by Matthew C. Harrison
The first step in being better than you are is to be who you are.
The LCMS is a large and complex organization, but congregations are the fundamental and divinely mandated building block of the Synod. The Church is Christians gathered about the rightly preached Word of God and properly administered sacraments. That’s why we have pastors. Christians bear witness to Christ wherever they live and work. Not much beyond that is mandated by the Bible. There are manifold viewpoints on many different issues and challenges the Church faces, and the Bible grants great freedom for congregations to respond to the needs and mission opportunities that confront them in their various contexts.
Together, however, we do have a strong and clear confession of the faith. Every church worker and congregation pledges to uphold and be subject to the truth of Holy Scripture as God’s divine and inerrant Word, and to confess the Lutheran Confessions as a true exposition of Holy Scripture.
The Synod went wobbly on the inspiration and inerrancy of the Bible from the late 1950s and into the 1970s. A whole host of issues began to be viewed by some as undecided and open questions — a six-day creation and the existence of Adam and Eve, prophesies of Christ in the Old Testament, the historical truth of the Bible, the virgin birth of Christ, the nature of His resurrection, the presence of Christ’s body and blood in the Sacrament, church fellowship, closed Communion, the church’s mission work and more. The more these views — quite “new” to the Synod and at odds with what had been confessed from the beginning (1847) — were spread about in the Synod, the more disruption, disagreement, antagonism and worst of all, political rancor, took hold. After the Synod re-asserted its confession (e.g., A Statement of Scriptural and Confessional Principles), it was not but a decade before a new challenge arose in the so-called “church growth movement.” Beginning in the 1980s, debates swirled about contemporary worship, the liturgy, the role of the pastor, the role of the laity, etc. Then came a decision to allow men to serve as pastors long term, without actually being made pastors via call and ordination. That brought division and controversy, and as we have learned through the process of making these men pastors, many suffered from bad consciences having to serve as pastors without a call and ordination.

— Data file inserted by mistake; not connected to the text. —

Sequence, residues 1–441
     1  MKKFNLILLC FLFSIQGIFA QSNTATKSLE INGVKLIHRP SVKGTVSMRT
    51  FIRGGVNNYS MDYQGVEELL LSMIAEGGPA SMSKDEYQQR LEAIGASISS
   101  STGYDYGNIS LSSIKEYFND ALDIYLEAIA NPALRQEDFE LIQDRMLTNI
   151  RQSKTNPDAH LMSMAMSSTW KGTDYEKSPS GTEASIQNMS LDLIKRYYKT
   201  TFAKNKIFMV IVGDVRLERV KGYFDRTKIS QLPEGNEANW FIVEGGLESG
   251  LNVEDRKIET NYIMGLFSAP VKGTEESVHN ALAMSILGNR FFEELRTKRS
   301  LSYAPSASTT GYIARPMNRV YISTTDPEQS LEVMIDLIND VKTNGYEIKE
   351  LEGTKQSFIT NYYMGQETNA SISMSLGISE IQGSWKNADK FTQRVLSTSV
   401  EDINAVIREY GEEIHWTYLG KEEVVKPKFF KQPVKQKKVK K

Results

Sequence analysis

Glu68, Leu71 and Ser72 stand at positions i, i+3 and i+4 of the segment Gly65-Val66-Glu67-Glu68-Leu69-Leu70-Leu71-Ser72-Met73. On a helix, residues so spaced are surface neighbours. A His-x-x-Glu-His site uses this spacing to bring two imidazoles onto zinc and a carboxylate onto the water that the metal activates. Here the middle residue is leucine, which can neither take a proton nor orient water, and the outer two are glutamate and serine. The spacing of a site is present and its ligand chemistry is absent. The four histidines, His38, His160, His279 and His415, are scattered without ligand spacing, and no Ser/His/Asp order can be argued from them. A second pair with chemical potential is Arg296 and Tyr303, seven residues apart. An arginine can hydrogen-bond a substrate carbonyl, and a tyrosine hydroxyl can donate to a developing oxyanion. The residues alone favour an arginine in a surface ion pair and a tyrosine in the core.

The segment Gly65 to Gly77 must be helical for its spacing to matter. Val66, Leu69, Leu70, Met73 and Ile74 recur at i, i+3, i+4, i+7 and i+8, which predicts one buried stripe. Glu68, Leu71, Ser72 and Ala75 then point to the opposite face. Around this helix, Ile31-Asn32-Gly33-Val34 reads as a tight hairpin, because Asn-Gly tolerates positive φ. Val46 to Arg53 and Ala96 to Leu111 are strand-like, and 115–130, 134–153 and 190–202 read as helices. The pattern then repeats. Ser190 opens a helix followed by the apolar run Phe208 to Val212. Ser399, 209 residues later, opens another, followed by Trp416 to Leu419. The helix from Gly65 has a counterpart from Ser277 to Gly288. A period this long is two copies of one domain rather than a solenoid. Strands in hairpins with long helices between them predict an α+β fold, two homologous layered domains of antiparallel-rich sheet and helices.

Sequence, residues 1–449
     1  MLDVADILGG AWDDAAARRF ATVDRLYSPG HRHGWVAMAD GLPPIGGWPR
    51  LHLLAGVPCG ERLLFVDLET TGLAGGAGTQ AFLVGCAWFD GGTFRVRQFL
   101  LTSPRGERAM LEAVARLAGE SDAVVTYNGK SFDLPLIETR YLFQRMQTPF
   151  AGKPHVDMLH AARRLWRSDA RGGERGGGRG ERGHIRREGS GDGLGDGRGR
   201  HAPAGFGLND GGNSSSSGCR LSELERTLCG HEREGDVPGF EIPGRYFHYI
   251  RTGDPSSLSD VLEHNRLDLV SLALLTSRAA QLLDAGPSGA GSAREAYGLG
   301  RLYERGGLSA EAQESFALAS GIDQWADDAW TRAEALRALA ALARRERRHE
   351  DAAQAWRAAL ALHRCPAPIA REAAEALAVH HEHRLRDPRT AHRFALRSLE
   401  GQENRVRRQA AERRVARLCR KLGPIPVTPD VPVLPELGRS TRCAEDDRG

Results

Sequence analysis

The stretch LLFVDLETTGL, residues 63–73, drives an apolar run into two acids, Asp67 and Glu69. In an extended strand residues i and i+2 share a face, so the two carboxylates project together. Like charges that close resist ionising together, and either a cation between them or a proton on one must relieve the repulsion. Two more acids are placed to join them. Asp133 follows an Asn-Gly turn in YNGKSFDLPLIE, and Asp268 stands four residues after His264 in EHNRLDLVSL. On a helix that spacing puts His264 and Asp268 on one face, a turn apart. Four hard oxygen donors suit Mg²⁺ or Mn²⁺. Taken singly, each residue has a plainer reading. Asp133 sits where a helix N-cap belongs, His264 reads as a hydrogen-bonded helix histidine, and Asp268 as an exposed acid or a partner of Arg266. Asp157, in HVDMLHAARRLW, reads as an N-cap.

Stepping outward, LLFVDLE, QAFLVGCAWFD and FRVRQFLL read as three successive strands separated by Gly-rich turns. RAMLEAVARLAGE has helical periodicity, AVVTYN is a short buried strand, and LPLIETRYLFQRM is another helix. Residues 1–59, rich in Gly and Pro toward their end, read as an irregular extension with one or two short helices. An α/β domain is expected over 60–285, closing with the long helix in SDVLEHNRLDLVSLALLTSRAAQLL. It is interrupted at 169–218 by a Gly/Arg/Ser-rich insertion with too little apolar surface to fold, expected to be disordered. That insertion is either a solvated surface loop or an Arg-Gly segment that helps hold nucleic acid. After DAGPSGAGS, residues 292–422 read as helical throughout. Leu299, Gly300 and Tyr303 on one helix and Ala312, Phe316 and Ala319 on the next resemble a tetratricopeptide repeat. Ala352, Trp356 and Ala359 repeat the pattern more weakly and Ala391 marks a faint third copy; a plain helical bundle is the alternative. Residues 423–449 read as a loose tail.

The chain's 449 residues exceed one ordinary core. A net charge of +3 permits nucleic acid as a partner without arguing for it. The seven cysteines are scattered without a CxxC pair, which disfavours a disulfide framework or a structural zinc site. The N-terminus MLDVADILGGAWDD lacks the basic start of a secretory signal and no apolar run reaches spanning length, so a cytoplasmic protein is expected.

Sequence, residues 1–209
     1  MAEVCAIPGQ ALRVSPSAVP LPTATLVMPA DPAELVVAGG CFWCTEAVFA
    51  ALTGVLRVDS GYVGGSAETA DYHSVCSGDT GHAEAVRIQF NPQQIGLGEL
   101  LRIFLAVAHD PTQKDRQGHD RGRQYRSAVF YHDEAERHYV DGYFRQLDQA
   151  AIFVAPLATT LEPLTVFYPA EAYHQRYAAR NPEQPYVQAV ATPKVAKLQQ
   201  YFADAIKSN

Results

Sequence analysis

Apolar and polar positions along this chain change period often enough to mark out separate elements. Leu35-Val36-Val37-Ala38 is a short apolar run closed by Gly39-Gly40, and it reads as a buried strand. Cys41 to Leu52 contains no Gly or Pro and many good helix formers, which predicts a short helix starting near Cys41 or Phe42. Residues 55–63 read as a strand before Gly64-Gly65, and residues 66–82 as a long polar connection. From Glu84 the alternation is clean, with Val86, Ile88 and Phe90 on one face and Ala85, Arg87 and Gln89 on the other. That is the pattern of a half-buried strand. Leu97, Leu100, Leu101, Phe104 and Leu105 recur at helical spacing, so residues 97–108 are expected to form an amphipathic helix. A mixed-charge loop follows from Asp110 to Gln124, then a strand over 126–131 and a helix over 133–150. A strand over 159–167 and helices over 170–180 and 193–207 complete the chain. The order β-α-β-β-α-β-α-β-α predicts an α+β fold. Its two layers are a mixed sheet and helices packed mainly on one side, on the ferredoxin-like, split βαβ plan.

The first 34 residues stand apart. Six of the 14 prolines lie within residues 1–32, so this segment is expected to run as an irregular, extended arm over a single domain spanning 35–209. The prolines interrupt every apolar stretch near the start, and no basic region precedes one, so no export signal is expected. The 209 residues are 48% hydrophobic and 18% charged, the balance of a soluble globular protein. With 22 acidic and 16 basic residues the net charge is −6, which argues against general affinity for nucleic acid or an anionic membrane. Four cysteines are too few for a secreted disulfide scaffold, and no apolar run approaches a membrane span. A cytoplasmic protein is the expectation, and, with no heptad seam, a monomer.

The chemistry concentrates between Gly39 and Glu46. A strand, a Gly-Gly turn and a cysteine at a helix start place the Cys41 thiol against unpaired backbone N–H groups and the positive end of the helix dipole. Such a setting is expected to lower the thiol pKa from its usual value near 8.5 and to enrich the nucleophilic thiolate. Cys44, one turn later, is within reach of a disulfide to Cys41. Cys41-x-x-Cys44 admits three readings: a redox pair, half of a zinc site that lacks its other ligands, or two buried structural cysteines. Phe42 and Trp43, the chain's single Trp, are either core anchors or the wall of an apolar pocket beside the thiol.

The first step in being better than you are is to be who you are. Every day that I wake up as Synod president, I resolve to do what’s right. When I was called to be head of LCMS World Relief and Human Care, I met with Dr. Barry to get his advice. (Little did I know that he would die just a few weeks later.) His advice to me was very simple: “Every day, walk across the road and pick up a stone and carry it to the other side. Pretty soon, you’ll notice that you’ve moved quite a pile.” He gave me that advice not 10 feet from where I’m writing right now. Folksy, but true.